Note: For the four weeks between January 14th and February 11th, I'm adopting a completely vegan lifestyle. Every weekday I'll be updating my progress with a diary entry and a recipe. For past posts, check here!
Days 26: Wednesday
Breakfast: A grapefruit and some awesome bread from Sullivan Street Bakery
Lunch: A tofu and mushroom Báhn Mì
Dinner: Beet salad with horseradish and a vegetable plate from Market Table
Last week I wrote an entry about The Vegan Super Bowl Snack Challenge. The goal was to create some vegan snacks, serve them at a Super Bowl party alongside meaty snacks, and to get people to finish the vegan ones before they went for the meat.
I lost the race.
Or, to put it more precisely, I didn't even get past the starting line. Overwhelmed with work (It's not easy testing and writing a recipe a day) and underwhelmed with the idea of watching grown men do bodily damage to each other, I ended up skipping the party and spent all night cooking at home by myself instead (one of my favorite ways to spend a Sunday night).
Still, I felt that in the name of good reporting and good science, I'd need to devise some sort of "is it possible for declared carnivores to enjoy vegan food?" test. I think I've come up with a good one.
Before I explain it, a disclaimer: I'm sharing this with you with the knowledge that a) my dad doesn't read this site, and b) that none of you will go and tell my dad about my diabolical plot.
Agreed? Agreed. Here goes:
My dad is what you'd call a meatatarian. He's always loved all things meaty, the fattier the better. Aged rib eye steaks and medium-rare prime rib covered in compound butter. Foie gras seared until crisp with a liquid custard center. Pork belly confit'ed in its own fat, served deep fried and crispy. Slabs of fat-laced tuna belly. Grilled hamachi collar bones. Potatoes cooked in goose fat. Peking duck with crispy skin, and anything served with bacon. You get the idea.
Then, in the late '90s, my dad went along with everyone else in selectively listening to only parts of a roguish scoundrel of a doctor named Robert Atkins' diet plan. The message that came through? "It's ok to eat only meat and fat and plenty of it." For better or for worse, my dad threw himself into his new diet whole-heartedly and hasn't looked back. Having lost 15 pounds* and for the most part having kept it off, he's been contentedly been eating a mostly-meat diet for the last decade. It's not that he doesn't like vegetables, it's just that given the choice between carrots and pork belly, he'd pick pork belly every single time.
*and most likely having drastically increased his risks of heart disease and cancer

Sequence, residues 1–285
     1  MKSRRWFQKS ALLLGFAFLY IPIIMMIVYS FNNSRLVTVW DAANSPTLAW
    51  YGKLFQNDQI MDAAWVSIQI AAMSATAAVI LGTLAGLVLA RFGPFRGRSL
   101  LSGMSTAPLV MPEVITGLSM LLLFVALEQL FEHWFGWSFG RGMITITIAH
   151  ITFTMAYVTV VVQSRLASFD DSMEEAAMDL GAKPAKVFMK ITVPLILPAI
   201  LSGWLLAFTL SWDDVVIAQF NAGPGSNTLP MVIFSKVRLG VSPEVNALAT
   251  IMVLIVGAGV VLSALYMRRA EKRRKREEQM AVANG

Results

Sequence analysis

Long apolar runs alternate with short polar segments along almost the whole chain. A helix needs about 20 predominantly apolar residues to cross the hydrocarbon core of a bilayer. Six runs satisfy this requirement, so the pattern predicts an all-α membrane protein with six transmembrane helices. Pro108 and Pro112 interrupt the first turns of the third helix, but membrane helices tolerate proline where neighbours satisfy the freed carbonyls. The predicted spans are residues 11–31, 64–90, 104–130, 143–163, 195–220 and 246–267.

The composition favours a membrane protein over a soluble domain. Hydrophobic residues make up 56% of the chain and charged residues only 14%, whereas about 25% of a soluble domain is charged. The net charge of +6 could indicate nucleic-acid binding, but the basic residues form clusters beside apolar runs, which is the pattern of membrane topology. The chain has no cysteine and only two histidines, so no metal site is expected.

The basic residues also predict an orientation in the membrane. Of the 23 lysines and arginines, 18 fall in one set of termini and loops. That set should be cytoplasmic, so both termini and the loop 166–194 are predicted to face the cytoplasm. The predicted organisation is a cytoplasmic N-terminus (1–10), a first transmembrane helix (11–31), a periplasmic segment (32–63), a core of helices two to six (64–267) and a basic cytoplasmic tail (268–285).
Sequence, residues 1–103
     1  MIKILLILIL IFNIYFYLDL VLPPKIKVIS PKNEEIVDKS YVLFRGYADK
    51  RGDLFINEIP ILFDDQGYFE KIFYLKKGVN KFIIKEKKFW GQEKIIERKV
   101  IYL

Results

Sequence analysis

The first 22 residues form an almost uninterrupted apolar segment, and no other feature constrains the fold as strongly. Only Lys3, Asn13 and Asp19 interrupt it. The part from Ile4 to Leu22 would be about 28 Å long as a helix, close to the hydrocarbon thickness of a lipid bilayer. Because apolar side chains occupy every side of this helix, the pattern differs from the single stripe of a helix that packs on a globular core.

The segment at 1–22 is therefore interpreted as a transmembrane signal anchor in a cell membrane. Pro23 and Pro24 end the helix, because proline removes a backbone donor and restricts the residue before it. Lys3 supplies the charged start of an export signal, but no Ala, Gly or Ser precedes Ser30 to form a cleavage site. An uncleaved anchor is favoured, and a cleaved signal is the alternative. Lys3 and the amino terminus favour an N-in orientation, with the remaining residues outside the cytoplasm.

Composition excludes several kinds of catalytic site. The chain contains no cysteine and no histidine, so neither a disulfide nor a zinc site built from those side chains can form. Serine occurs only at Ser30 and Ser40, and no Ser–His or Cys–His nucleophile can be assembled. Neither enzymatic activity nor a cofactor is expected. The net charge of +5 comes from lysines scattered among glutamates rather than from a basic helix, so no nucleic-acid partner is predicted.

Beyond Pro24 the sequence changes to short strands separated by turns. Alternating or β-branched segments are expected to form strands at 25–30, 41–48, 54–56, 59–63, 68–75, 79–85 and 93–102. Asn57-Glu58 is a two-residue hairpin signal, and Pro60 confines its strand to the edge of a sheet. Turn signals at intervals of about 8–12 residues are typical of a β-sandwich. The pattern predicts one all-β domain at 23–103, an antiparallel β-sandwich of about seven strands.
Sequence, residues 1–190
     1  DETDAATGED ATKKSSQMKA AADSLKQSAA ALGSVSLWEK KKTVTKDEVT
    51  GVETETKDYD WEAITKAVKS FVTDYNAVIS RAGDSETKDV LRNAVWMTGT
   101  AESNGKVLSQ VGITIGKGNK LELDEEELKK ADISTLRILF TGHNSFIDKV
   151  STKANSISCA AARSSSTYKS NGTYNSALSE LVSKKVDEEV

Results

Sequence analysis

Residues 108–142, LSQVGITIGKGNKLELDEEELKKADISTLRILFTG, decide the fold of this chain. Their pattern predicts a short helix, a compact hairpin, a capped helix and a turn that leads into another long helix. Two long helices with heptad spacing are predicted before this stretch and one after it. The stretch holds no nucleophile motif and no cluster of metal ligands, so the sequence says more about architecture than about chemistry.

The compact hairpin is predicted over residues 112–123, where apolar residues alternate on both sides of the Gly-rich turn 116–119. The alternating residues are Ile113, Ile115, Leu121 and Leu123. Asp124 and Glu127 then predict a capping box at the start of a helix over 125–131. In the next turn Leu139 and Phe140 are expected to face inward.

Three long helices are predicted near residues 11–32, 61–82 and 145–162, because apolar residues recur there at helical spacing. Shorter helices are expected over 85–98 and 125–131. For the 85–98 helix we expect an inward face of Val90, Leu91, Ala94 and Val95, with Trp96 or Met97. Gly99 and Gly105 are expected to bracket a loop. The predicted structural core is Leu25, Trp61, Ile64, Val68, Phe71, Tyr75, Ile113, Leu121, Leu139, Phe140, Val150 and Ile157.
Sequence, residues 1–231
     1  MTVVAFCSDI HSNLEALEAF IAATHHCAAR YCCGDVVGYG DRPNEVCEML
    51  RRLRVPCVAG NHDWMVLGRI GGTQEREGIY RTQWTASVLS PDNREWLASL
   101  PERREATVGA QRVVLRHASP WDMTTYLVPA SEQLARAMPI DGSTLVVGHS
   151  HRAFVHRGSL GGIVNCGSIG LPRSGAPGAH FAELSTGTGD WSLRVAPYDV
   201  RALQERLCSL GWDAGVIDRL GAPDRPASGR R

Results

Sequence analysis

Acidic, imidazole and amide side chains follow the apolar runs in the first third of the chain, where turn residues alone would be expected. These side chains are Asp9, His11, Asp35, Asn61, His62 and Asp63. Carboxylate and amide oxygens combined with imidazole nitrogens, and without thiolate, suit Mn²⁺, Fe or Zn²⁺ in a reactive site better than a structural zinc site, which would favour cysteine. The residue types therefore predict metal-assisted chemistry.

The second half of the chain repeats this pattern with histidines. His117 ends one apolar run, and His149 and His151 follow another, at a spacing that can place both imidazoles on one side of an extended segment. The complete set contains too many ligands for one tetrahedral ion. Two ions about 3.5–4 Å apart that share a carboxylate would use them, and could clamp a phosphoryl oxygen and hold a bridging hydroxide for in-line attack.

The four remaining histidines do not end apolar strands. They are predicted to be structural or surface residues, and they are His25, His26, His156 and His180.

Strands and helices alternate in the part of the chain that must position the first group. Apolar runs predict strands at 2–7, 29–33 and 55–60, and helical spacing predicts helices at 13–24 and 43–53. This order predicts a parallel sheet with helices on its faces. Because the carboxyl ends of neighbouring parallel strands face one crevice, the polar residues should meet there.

Why am I telling you this? Because here is my goal: I'm going to get my dad to eat an entirely vegan meal without even noticing it.
I'm not going at it alone. To help me pull it off, I've enlisted the aid of Tony Maws, one of the greatest chefs I know. A winner of the James Beard Award for Best Chef, Northeast, his restaurant Craigie On Main in Cambridge, Massachusetts, is casual fine dining at its absolute finest. They are by no means a vegan or even vegetarian establishment (for instance, check out the fine meal Carey and Ed enjoyed there a couple years ago, or take a peep at how they make their deservedly well-hyped burger), but the man certainly knows his grains and vegetables. I can think of no better chef to try and pull off this feat of cooking prowess.
Tomorrow night is Friday—the final day of self-imposed four weeks of veganism, and man is it gonna receive one hell of a send-off! I've got reservations for two at Craigie on Main, and I've asked for an all-vegan tasting menu (the restaurant is quite accommodating to dietary requests, given advanced notice).
The waitstaff all know what's going on and should keep mum on the project, so the only way my dad is going to call me out on this is if he actually notices the lack of meat. If we can get through at least five courses before he makes a comment, I'd consider it a success.
What's the point of this exercise? Is it simply to pull one over on ol' pops? No, the real reason is that as I've said in a few previous posts, I think one of the real barriers to a reduced meat or even vegan diet is a mental one. It's the idea that without a block of protein on your plate, a meal is not complete. I myself had this block before I started this diet, but as I've quickly come to realize, it's a completely unfounded bias. Once I realized that meals can be perfectly satisfying even when not centralized on one big hunk of something, the prospect of eating meatless meals became much more appealing to me.
I'm not out to convert anyone to a strict vegan or even vegetarian diet—I myself am not going to adopt a strict diet—but I strongly believe that the more people realize that meat is not essential for a satisfying meal, the better and more delicious the world will be.
P.S. I'll update you on Monday about how it went!
About the author: J. Kenji Lopez-Alt is the Managing Editor of Serious Eats where he likes to explore the science of home cooking in his weekly column The Food Lab. You can follow him at @thefoodlab on Twitter, or at The Food Lab on Facebook.